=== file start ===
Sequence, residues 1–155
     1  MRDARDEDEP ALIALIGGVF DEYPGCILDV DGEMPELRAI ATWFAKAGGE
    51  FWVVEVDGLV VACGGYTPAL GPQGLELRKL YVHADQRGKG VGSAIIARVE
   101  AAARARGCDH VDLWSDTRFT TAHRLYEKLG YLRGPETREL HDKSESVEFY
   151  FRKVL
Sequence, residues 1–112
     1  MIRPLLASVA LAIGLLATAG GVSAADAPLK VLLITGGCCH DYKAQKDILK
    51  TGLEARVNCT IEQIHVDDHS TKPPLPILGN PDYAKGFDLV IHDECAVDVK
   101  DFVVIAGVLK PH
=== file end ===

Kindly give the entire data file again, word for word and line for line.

Sequence, residues 1–155
     1  MRDARDEDEP ALIALIGGVF DEYPGCILDV DGEMPELRAI ATWFAKAGGE
    51  FWVVEVDGLV VACGGYTPAL GPQGLELRKL YVHADQRGKG VGSAIIARVE
   101  AAARARGCDH VDLWSDTRFT TAHRLYEKLG YLRGPETREL HDKSESVEFY
   151  FRKVL
Sequence, residues 1–112
     1  MIRPLLASVA LAIGLLATAG GVSAADAPLK VLLITGGCCH DYKAQKDILK
    51  TGLEARVNCT IEQIHVDDHS TKPPLPILGN PDYAKGFDLV IHDECAVDVK
   101  DFVVIAGVLK PH